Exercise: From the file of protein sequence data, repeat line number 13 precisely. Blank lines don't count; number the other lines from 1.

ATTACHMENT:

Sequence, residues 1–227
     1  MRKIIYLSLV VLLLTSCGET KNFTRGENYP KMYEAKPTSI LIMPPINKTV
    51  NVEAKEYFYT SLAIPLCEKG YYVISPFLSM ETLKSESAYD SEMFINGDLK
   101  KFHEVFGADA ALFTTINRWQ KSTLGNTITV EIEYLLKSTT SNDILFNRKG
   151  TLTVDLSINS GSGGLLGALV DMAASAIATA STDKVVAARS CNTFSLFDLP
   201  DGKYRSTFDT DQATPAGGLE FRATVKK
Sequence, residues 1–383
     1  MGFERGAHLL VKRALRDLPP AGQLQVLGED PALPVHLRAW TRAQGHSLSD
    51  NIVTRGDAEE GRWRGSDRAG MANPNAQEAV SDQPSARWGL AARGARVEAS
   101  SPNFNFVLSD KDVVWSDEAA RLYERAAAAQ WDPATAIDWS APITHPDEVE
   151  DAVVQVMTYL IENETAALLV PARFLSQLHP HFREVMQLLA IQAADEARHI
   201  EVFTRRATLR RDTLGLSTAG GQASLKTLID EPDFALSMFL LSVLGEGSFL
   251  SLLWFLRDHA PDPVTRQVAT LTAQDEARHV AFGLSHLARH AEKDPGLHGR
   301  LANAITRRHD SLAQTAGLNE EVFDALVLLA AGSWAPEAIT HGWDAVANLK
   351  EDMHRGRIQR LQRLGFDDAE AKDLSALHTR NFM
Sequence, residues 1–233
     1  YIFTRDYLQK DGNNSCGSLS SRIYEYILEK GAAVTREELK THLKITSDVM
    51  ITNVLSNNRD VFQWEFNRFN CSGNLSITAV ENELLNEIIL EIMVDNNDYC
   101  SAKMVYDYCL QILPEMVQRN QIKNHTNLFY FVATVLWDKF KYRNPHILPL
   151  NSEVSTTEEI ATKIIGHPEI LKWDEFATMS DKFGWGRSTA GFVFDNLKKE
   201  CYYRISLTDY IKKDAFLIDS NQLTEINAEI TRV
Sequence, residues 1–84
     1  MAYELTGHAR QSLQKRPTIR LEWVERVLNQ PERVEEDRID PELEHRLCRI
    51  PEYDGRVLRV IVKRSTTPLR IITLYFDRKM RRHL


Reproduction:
   251  SLLWFLRDHA PDPVTRQVAT LTAQDEARHV AFGLSHLARH AEKDPGLHGR